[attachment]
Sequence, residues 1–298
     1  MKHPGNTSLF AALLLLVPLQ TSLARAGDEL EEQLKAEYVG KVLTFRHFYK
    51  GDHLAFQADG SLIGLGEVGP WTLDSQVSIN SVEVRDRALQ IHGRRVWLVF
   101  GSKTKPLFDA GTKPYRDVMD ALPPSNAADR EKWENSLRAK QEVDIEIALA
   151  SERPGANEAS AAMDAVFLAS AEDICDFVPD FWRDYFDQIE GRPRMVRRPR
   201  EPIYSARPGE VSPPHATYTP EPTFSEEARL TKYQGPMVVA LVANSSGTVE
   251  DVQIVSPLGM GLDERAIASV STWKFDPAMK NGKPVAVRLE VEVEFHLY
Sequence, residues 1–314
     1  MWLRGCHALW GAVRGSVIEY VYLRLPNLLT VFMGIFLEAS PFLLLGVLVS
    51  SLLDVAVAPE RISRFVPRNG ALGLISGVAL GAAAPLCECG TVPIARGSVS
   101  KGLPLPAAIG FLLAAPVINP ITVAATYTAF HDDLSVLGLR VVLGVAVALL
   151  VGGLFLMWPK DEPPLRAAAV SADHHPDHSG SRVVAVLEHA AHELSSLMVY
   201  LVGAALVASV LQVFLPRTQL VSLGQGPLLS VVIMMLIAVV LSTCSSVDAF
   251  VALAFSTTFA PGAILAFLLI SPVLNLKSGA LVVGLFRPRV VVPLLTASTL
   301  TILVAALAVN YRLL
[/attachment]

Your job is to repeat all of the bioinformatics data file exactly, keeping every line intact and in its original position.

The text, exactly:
Sequence, residues 1–298
     1  MKHPGNTSLF AALLLLVPLQ TSLARAGDEL EEQLKAEYVG KVLTFRHFYK
    51  GDHLAFQADG SLIGLGEVGP WTLDSQVSIN SVEVRDRALQ IHGRRVWLVF
   101  GSKTKPLFDA GTKPYRDVMD ALPPSNAADR EKWENSLRAK QEVDIEIALA
   151  SERPGANEAS AAMDAVFLAS AEDICDFVPD FWRDYFDQIE GRPRMVRRPR
   201  EPIYSARPGE VSPPHATYTP EPTFSEEARL TKYQGPMVVA LVANSSGTVE
   251  DVQIVSPLGM GLDERAIASV STWKFDPAMK NGKPVAVRLE VEVEFHLY
Sequence, residues 1–314
     1  MWLRGCHALW GAVRGSVIEY VYLRLPNLLT VFMGIFLEAS PFLLLGVLVS
    51  SLLDVAVAPE RISRFVPRNG ALGLISGVAL GAAAPLCECG TVPIARGSVS
   101  KGLPLPAAIG FLLAAPVINP ITVAATYTAF HDDLSVLGLR VVLGVAVALL
   151  VGGLFLMWPK DEPPLRAAAV SADHHPDHSG SRVVAVLEHA AHELSSLMVY
   201  LVGAALVASV LQVFLPRTQL VSLGQGPLLS VVIMMLIAVV LSTCSSVDAF
   251  VALAFSTTFA PGAILAFLLI SPVLNLKSGA LVVGLFRPRV VVPLLTASTL
   301  TILVAALAVN YRLL